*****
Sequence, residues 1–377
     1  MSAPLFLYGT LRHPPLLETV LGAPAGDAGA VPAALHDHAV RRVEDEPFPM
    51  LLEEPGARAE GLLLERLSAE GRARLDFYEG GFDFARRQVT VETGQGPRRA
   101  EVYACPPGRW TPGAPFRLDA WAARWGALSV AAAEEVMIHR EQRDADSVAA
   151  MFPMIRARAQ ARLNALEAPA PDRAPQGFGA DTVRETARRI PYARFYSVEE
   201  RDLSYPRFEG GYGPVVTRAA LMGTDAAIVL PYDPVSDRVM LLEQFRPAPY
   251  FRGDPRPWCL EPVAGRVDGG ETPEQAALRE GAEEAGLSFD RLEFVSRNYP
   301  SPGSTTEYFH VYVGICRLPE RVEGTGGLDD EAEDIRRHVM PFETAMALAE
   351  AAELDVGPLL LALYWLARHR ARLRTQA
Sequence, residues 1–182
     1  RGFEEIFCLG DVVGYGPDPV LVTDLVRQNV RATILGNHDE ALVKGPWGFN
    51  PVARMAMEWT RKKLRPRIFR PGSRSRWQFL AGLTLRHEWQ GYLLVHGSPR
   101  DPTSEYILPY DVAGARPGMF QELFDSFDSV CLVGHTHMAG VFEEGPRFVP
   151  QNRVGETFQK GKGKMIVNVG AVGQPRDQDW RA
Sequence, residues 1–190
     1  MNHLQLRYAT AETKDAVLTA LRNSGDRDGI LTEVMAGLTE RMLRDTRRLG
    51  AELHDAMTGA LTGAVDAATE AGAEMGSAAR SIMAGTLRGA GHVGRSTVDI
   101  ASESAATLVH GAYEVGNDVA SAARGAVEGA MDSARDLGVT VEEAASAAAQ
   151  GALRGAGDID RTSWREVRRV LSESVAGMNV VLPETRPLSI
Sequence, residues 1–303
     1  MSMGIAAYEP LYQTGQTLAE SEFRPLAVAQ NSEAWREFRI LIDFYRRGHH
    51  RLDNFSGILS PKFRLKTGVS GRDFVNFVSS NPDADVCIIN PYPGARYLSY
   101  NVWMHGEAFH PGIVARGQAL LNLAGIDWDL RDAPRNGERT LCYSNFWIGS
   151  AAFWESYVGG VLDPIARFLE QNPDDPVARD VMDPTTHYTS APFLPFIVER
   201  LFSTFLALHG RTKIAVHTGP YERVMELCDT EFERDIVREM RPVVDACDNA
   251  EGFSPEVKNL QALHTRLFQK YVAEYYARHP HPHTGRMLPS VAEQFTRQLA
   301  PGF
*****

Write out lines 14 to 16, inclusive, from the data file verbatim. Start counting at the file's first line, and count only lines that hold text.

   151  QNRVGETFQK GKGKMIVNVG AVGQPRDQDW RA
Sequence, residues 1–190
     1  MNHLQLRYAT AETKDAVLTA LRNSGDRDGI LTEVMAGLTE RMLRDTRRLG